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Posts tagged: children

Don’t Play Politics with our Children’s Health

Earlier this morning, The Hill published an op-ed written by Secretary Vilsack and former Agriculture Secretary Ann Veneman, who served from 2001 to 2005. In the op-ed, Vilsack and Veneman call on Members of Congress to stand strong for America’s children and resist attempts to undo the progress made since the passage of the bipartisan Healthy, Hunger-Free Kids Act of 2010 (HHFKA). Schools across the country are now serving healthier meals to kids based on recommendations from doctors and nutritionists at the Institute of Medicine. Thanks to HHFKA, the school environment is healthier for millions of American children, giving them a fair shot at a healthier, more productive future. Read more from The Hill Op-Ed

USDA Relies on Feedback to Help Schools, Children Adapt to New Meal Standards

Hummus and Pita Bread, Sunflower butter string cheese and fruit, Turkey and cheese sandwiches prepared for the National School Lunch Program at Washington-Lee High School in Arlington, Virginia.

Hummus and Pita Bread, Sunflower butter string cheese and fruit, Turkey and cheese sandwiches prepared for the National School Lunch Program at Washington-Lee High School in Arlington, Virginia.

As many schools wind down for the year, USDA is gearing up for exciting new improvements designed to make the 2014-2015 school year even healthier for our nation’s future leaders.  It’s a commitment rooted in the Healthy, Hunger-Free Kids Act of 2010.  In that legislation, USDA is directed to update the school meals to reflect the latest Dietary Guidelines for Americans.

The new school meal requirements are intended to ensure children get the nutrition they need for academic performance and overall health.  That’s a mission USDA takes seriously. Feeding kids, and feeding them well, can be a challenge.  I understand that as a former school nutrition director, mother, and now grandmother.   Plus, we know that change, in general, can be difficult. That is why we are working closely with schools to make sure the transition to the updated standards runs as smoothly as possible.  We are listening to what school nutritional professionals, teachers, parents and students are telling us.  These partners are the heart and soul of the school community and we have provided flexibilities based on their important feedback. Read more »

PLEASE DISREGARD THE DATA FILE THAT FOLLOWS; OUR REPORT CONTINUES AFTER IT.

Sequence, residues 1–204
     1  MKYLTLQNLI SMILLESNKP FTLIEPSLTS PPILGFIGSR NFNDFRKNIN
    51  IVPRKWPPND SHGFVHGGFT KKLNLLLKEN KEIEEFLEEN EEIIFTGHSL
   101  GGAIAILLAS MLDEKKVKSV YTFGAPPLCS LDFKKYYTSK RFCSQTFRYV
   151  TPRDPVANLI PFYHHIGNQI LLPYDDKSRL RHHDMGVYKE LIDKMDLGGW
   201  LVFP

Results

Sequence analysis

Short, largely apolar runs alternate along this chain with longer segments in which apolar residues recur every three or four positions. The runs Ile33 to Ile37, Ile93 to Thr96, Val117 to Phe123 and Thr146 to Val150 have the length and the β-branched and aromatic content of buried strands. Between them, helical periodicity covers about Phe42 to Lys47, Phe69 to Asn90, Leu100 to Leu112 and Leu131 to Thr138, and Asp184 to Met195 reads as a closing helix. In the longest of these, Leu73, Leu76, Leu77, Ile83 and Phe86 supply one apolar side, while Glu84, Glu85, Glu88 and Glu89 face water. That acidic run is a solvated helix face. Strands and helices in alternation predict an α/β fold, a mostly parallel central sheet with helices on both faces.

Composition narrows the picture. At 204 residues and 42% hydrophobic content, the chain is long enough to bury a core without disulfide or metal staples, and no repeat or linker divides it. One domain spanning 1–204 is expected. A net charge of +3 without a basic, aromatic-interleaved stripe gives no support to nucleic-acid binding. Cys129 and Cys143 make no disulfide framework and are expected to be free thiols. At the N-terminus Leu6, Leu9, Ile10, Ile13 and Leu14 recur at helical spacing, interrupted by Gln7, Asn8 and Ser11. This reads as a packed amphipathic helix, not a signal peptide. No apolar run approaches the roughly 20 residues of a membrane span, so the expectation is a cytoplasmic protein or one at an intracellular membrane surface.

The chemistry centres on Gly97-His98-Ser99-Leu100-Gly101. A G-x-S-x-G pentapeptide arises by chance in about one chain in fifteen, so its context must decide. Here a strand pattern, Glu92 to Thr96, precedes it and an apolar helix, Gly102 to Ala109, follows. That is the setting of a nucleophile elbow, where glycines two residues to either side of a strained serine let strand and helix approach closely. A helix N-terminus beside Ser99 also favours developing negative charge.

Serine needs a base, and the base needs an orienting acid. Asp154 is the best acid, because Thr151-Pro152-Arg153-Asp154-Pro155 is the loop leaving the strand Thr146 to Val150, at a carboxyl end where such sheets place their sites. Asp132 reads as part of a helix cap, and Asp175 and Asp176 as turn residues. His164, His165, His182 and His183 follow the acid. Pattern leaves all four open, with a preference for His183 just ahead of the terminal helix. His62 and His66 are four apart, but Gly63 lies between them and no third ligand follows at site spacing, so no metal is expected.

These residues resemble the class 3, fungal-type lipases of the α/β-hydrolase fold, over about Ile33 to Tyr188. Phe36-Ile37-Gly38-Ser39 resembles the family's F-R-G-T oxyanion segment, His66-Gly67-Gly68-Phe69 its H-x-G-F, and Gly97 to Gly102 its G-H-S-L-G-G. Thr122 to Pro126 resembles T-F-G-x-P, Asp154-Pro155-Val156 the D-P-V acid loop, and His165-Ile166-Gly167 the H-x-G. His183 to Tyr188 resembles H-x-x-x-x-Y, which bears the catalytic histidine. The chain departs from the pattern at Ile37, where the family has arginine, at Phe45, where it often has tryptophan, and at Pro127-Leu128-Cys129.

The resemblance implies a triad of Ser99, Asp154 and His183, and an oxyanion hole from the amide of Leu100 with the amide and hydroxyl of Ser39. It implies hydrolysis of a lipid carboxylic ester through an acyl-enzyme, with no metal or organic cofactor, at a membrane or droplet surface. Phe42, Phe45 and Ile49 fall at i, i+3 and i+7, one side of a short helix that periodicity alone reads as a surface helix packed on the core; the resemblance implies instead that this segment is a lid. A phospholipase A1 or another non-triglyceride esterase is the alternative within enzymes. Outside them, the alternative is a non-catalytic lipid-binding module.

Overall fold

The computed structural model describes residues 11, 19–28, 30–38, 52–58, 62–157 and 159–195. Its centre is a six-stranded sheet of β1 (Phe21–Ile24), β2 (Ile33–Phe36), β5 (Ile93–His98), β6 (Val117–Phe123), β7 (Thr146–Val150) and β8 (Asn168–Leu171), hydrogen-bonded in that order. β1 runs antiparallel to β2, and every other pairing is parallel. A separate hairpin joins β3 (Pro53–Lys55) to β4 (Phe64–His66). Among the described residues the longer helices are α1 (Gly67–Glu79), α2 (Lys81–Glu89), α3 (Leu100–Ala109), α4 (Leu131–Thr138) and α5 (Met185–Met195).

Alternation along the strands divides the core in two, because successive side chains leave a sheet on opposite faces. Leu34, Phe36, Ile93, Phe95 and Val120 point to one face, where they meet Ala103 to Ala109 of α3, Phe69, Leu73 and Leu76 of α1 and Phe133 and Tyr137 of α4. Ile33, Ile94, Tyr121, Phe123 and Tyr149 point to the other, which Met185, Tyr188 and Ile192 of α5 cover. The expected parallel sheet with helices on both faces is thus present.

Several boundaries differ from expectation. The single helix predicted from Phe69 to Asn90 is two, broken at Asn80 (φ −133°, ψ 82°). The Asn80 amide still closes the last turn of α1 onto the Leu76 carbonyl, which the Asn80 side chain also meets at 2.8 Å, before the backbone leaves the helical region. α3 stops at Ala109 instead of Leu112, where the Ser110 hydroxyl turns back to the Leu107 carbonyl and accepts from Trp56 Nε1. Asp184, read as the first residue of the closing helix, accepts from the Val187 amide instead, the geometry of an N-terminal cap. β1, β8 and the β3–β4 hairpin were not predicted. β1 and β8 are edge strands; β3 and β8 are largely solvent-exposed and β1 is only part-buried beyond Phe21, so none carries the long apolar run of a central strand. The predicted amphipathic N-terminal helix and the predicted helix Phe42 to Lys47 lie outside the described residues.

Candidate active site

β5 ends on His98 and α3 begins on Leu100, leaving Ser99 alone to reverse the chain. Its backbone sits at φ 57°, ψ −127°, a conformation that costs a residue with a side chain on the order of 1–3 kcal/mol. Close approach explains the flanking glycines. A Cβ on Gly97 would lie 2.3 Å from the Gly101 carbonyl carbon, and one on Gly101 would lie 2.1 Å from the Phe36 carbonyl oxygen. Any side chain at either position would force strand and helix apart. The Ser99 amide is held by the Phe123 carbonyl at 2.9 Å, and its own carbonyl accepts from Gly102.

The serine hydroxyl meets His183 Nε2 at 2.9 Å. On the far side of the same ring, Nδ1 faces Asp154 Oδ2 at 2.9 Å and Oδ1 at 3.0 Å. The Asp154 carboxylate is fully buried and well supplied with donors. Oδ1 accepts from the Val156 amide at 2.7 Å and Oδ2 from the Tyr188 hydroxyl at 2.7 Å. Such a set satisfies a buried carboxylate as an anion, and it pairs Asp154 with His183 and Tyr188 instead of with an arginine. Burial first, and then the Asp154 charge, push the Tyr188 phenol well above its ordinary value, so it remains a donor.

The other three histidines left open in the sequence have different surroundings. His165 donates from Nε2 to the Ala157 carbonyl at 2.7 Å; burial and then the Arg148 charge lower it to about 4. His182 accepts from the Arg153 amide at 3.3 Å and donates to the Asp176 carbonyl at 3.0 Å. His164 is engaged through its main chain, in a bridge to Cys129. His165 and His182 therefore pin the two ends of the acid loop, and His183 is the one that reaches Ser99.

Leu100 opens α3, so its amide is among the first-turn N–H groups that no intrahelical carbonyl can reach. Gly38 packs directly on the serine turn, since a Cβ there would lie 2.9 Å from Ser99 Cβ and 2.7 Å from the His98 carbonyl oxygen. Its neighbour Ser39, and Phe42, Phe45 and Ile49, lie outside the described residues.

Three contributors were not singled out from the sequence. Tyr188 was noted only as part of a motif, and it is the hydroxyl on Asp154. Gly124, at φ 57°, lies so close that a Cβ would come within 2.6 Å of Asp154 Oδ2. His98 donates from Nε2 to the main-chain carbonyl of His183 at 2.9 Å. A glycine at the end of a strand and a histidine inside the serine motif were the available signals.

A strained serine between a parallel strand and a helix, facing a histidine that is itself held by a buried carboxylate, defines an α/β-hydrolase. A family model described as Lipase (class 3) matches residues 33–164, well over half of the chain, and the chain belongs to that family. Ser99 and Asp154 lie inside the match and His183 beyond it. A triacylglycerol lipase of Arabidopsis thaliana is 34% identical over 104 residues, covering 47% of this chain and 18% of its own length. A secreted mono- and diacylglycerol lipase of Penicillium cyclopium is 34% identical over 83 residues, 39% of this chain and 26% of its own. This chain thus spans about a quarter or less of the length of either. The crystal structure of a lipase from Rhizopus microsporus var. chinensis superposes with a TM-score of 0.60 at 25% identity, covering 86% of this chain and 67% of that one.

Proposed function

Innovative Approach to Feeding At-Risk Children during Summer Shines in Florida

Mobile unit programs in Florida feed thousands of summer meals to children in need.

Mobile unit programs in Florida feed thousands of summer meals to children in need.

With summer approaching, many of our nation’s students will soon be out of school enjoying their break.  However, too many of these children may miss out on a meal they normally would receive through USDA’s school meals programs.  Thanks to an innovative approach, Florida’s at-risk children can now have meals brought to them through the Summer Food Service Program, by way of a very creative partnership.

Florida’s Mobile Summer BreakSpot Program (a collaboration of the Florida Department of Agriculture and Consumer Services and the childhood hunger group Florida Impact) has developed a way to renovate school buses to transport summer meals to neighborhood children in need. Read more »

The Heroism of Fostering a Healthier Next Generation

Magaly Valentin (left), and Rosalba Gomez (right) Arlington Food Services prepare fresh salads and vegetable cups for the National School Lunch Program in the kitchen at Washington-Lee High School in Arlington, Virginia. USDA Photo: Bob Nichols.

Magaly Valentin (left), and Rosalba Gomez (right) Arlington Food Services prepare fresh salads and vegetable cups for the National School Lunch Program in the kitchen at Washington-Lee High School in Arlington, Virginia. USDA Photo: Bob Nichols.